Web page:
Thinking Small. Or Big: iPad mini
Apple’s financial stalker is kicking around the idea of the iPad mini. AppleInsider has Topeka Capital Markets analyst Brian White saying a less expensive, 7-to-8-inch iPad could eventually outsell the traditional 10-inch iPad.

It’s not that it’ll wreck sales of the current iPad. He figures only about 20 percent of normal iPad sales would be lost to its little brother.

But, throwing in growth trends in developing markets like China, an “iPad mini” at $300 or less could have a big impact and could outsell the bigger tablets. He also sees the smaller device as a natch for education with its smaller-for-younger-kids-form-factor and its lower cost as potential attractions. And, finally, there are the people who will double up.

Quoting his note,

We would not be surprised if certain customers end up owning both a regular-sized iPad and an ‘iPad Mini,’ swapping between the two devices for different occasions. With the introduction of iCloud, the content on the two iPads can be automatically duplicated [making it] easier to swap between Apple devices.

And, he says, even at $300 he doesn’t think an iPad mini would have any problem drawing potential buyers away from $200, 7-inch tablets that are already on the market.

That iPad mini that may or may not happen has everybody excited.

Piper Jaffray analyst Gene Munster is saying if Apple does introduce an iPad mini, and if they can bring it in at $299 or less for a 16-gigabyte model, then they could sell as many as 6 million this holiday season and syphon off 30 percent of the sales that would otherwise have gone to Android tablets.

He does say that Apple would lose 10 percent of traditional iPad sales to the smaller device as well, but Apple losing sales to Apple would probably not upset Apple that much.

Quoting his note: “We believe this implies that Apple could sell 4-6 million smaller iPads in the December quarter, assuming a holiday launch. If the launch occurs in [the fourth quarter], we believe the smaller iPad would add about 1 percent to revenue and [earnings per share] in December.”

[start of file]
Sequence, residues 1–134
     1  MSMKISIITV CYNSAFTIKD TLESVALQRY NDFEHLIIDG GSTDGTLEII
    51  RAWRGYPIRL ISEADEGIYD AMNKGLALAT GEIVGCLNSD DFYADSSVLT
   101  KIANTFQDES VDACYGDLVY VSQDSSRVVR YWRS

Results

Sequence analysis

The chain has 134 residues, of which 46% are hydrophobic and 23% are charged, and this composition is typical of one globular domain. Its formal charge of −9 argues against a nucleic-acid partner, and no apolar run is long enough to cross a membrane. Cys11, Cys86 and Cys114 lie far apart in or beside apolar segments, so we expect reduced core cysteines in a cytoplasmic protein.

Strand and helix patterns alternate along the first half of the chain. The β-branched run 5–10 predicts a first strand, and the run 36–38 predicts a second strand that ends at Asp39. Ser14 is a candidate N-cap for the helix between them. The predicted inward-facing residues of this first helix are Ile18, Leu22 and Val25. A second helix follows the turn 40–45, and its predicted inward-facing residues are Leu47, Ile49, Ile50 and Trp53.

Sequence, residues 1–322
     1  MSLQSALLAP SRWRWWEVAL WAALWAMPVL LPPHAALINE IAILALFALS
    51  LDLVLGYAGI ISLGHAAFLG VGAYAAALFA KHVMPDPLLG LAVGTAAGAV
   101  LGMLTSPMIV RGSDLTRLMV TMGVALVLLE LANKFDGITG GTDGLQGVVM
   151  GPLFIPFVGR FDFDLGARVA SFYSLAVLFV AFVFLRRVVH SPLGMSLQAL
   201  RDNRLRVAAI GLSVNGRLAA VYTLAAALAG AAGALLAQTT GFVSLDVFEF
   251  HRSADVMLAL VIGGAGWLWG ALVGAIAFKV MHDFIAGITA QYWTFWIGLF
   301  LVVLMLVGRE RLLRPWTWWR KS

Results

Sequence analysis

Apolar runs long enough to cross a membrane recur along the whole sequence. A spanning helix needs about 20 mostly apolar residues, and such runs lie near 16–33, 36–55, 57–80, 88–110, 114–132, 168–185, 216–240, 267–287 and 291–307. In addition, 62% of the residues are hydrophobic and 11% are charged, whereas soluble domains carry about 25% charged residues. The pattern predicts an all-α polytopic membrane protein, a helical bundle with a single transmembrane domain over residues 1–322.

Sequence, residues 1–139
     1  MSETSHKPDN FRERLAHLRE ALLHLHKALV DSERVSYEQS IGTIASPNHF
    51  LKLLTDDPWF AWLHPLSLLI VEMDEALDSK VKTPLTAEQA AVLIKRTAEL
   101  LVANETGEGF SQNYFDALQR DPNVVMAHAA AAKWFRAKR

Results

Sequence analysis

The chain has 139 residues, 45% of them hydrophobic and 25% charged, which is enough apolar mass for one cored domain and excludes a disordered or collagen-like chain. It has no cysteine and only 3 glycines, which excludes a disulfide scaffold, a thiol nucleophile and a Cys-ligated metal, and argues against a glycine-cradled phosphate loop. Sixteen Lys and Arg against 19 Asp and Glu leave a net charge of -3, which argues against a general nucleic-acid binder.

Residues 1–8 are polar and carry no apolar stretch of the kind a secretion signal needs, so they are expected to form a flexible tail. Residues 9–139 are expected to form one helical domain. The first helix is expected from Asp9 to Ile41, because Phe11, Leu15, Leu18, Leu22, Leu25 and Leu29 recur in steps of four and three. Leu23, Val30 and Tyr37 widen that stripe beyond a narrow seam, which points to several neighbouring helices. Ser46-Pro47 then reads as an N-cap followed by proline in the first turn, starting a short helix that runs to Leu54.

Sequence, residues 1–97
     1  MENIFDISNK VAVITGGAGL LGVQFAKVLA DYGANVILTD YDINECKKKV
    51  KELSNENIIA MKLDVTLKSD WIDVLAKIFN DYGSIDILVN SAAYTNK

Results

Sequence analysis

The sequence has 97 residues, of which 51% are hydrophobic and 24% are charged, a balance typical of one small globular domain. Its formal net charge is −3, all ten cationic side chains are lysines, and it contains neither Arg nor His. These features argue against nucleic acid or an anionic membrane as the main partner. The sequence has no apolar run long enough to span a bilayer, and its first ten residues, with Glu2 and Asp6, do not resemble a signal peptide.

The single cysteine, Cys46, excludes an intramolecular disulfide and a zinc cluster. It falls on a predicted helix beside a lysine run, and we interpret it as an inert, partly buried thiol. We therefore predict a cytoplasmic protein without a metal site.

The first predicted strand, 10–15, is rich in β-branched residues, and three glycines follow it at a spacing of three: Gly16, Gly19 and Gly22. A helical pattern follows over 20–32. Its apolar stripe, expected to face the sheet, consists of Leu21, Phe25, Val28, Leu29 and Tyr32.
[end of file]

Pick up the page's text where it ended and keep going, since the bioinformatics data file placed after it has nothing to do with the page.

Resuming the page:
Also, he expects a new iPhone, and also also: he expects a refresh of the Apple TV set-top box, though apparently not the full on Apple TV. Still makes for what he calls a “crowded event.”

T-Mobile’s Turn with the iPhone
One thing that always seems to help the iPhone is a new carrier or two, and there’s at least one more big carrier looking for an iPhone in the states. Forbes has Bernstein Research analyst Robin Bienenstock saying 2013 looks like the year for the iPhone to finally land on T-Mobile USA.

Why does he like the idea? According to the piece, it would pressure Verizon, Sprint and AT&T to sustain “higher and more frequent subsidies.”

It would increase U.S. iPhone sales by an estimated 2-4 million incremental phones per year, adding 50 cents to $1 in EPS for Apple, and it could divert the company from pursuing its planned Bring Your Own Device strategy. See, T-Mobile has indicated that if it doesn’t get an iPhone of its own, it’ll do what it can to make people bringing their own iPhones to its network worth it.

In Bienenstock’s view, it’d be a win for Apple, a win for T-Mobile, and a big bowl of bad news for Sprint. Quoting his note:

A T-Mobile iPhone would pressure subsidies and service prices at a time when Sprint’s 4G network is ill-prepared for a 4G iPhone, and the added competition could cost Sprint precious volumes at a time when they are already running significantly short of their annualized volume commitments to Apple.

Though if it’s any consolation to Sprint, the analyst says “Verizon and AT&T would be net losers [if such a deal happened], as well.”

There’s an App for that, Kid
And finally this week, I’ve always found it odd how strict Apple can be in banning apps that seem even remotely sexual in nature for all ages, while approving apps involving fighting and snipers for ages 12 and up, often times for ages 9 and up. I think what I thought was they might raise the ages for violent apps, not approve a pole dancing app for 12 year olds.

Silly me.

Macworld UK says some parents are outraged, and I can’t say as I blame them. Though, since I don’t have kids of my own, I also can’t say I don’t find it funny. Cuz I kind of do.

“Pole Dancer Pro for iPad, iPhone and iPod touch was released in June,” says the piece, “and is described by the developers as an app that can transform its users into a ‘lap dancing sexpot,’ and inject ‘a new lease of life into bedroom fantasies,’ through lessons from pole dance instructor Jessica Jackson.”

Leading the charge against the app, Jo Squires, director of children’s charity BIG Ministries. She’s looking to have the app banned — which is wrong — though I would up the age a bit. If it were me.

“I’m all for encouraging new ways of helping people to get fit,” says Squires. “But do we really want to create a generation of children who are fully equipped in, what the app describes as, the art of tease, erotic moves and seductive eye contact?”

The answer is “no.”

Just raise the appropriate age rating. And let the kids get back to pretend shooting people.

Comments

wab95

According to his honor, the Galaxy Tabs ?do not have the same understated and extreme simplicity which is possessed by the Apple design ? They are not as cool.?


It’s a bit like your school master saying that, ‘You did not really cheat on your exam by copying your classmate. Your answers are clearly too stupid to have been an exact copy, so you did not succeed at cheating’.

Well-done, Samsung.

terich22

Yeah, not sure about the Galaxy Tab, but the new S3 is the real deal.

RayCon

I agree with wab95.  The mere act of attempting to copy should be sufficient grounds if it’s obvious an attempt was made.